“Who’s life led directly to today’s religion of Christianity”.  On the basis of my reading on the subject (mainly from books and lectures of “scholars”) my gut feel is to give this criterion a high priority of 80%. Others may attribute a lower score.

    The opinions  from books and lectures of  “scholars”, carry very little weight, once we bear in mind that those scholars were mainly from backgrounds with confirmation bias, and that they had no more evidence than the rest of us (and frequently much less). 
    Consensus in cliques of theologists is quite common.  Historians  and archaeologists are much better sources.
     
    The historical evidence shows that the road to Xtianity was built at least a hundred years after alleged events, and did not really get going for about 300 years when it gained support from the Roman establishment. – http://en.wikipedia.org/wiki/F

    Opinions without an evidence base, are just wishful thinking.  There are opinions on the “true” Robin Hood, the “true” Hercules, the “true” Argo, and the “true” King Arthur!  In two thousand years, there may be opinions on the “true” Harry Potter!

    Science dumps refuted claims!  Theology defends them!

  47. First, let’s get the name right: Joshua. His name, if he existed, was Joshua. Jesus is a Greek derivation of the name. Second, let’s start with the assumption that there was a Joshus of Nazareth, and of course, he would be known as Joshua ben (son of) Joseph. Or, as was later accounted, Joshua, son of Yahweh, uh, wait, Joshua, son of Joshua, AKA Yahweh, and Mary married a really gullible dude. 

    Roman history tends to be pretty good and reliable, so I think it’s safe to assume there was indeed a Joshua ben Joseph (and wouldn’t it be cool if he had a brother named Brian?); who preached all sorts of stuff, but got the government’s goat (no pun intended) by preaching against the lawful authority of Rome. Which is the one thing they wouldn’t and couldn’t tolerate. When it comes to religions, polytheistic societies were always more tolerant than monos were/are. Just add another, no big deal. But the Roman government could never take a movement that went against the rule of their law and (at the same time) wouldn’t pay their taxes (some things never change). So I do agree there was a Joshua/Jesus person, who as time passed, loomed larger and larger in people’s tales. It’s easy really. I actually grew up on the George Washington I cannot tell a lie myth, and the siver dollar across the Potomac (or Rapohannock, whatever). Except we know he didn’t cop to the Weems fairy tale, and he was a mega tightass. Assuming he could throw that far (and Willie Mays couldn’t), it wouldn’t be a dollar. Nor do I think they had that denomination back in the legend day. Anyway, myths start oh so easily, and never die. In a couple of centuries we will start unearthing the actual capsule the baby Kal-El came to Smallville on. Guaranteed.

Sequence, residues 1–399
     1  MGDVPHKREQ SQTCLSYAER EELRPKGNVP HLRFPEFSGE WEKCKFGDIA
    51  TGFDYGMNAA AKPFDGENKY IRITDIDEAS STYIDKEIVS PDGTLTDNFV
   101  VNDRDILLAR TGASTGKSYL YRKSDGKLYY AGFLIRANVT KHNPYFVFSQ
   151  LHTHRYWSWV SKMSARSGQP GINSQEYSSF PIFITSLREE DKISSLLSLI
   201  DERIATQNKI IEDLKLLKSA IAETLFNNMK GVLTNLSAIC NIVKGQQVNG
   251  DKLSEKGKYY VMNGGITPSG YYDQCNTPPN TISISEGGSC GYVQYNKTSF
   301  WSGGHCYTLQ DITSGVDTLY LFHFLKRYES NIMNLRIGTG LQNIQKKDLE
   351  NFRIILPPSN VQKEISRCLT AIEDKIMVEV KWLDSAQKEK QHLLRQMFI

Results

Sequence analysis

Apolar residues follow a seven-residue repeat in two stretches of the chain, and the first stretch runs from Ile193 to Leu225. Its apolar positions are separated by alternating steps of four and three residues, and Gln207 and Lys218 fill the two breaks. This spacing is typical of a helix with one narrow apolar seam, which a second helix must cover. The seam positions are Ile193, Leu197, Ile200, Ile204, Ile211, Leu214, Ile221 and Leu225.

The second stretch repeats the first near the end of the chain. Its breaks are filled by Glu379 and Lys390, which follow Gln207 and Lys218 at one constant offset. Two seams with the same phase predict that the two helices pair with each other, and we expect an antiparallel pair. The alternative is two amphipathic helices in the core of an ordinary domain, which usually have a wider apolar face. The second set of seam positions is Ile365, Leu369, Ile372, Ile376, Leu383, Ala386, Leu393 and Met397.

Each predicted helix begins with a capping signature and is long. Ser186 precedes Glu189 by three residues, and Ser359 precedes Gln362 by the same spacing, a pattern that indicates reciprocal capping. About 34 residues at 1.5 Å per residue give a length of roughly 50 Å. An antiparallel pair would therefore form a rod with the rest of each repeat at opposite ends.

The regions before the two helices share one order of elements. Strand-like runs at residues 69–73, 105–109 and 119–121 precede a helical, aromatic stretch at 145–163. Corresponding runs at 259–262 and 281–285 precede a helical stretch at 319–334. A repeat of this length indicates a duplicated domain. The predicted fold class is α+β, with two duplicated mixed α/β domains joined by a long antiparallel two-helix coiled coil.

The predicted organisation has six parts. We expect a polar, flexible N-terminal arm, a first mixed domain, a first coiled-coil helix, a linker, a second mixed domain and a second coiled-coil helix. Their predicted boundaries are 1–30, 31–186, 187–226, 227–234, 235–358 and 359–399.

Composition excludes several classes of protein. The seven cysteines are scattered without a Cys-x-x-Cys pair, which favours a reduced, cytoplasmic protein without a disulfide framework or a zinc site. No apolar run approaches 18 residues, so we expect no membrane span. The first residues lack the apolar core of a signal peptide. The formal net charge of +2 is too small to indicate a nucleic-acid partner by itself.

48.  “Indeed. I think you have already leaped to Ehrman’s conclusion, and is in no way open to the contrary opinion.”

    Actually, I don’t think I ever said specifically if I agree with him or not. And for the record I don’t completely agree with him.  His conclusion, I only borrowed the book from the library so I’m working from memory and don’t have the exact words, was that there was no other reasonable conclusion than that a historical Jesus existed. I think that is a bit too strong.   There are no sources for example, that can be considered objective and free from copying errors. Even Josephus, by Ehrman’s own admission, some of his writings were almost certainly tampered with to enhance the description of Jesus. Now Ehrman has an explanation for how he can separate the original Josephus from the tampered Josephus and it makes a lot of sense.  But I don’t think its rational to say there is no other possible explanation than that Jesus existed. It is definitely conceivable that someone made up the whole story and that it got transmitted via word of mouth and then decades later written down. 

    I think its in many ways analogous to Socrates. Socrates never wrote anything and we have even less different sources writing about him than Jesus.  So its possible that Plato just made up the name and that Aristophenes used the same name to make fun of Plato in his play. But that’s not what most Greek scholars think they think there almost definitely was a person named Socrates and in the same manner I think there almost definitely (but not definitely as Ehrman states) was a person named Jesus.

  49.  “Like you, I’m extremely secure in my position as atheist. I don’t care
    either if Jesus existed or not. But I don’t like the smugness from
    anybody who claims superiority on the matter, like you do here.”

    But you are the one who are introducing all sorts of extraneous claims, for example:

    “he point was of course that I’m feeling all the more confident in being
    an atheist now that I know that there is a serious possibility that
    there never was a holy lamb at all.”

    ” this discussion made me much more confident in my chance meetings with
    religious people. Before, when I was accosted with missionaries, I
    simply made my excuses that I really must be on my way. But these days, I
    always retaliate with my concern that the Jesus whereof they speak, did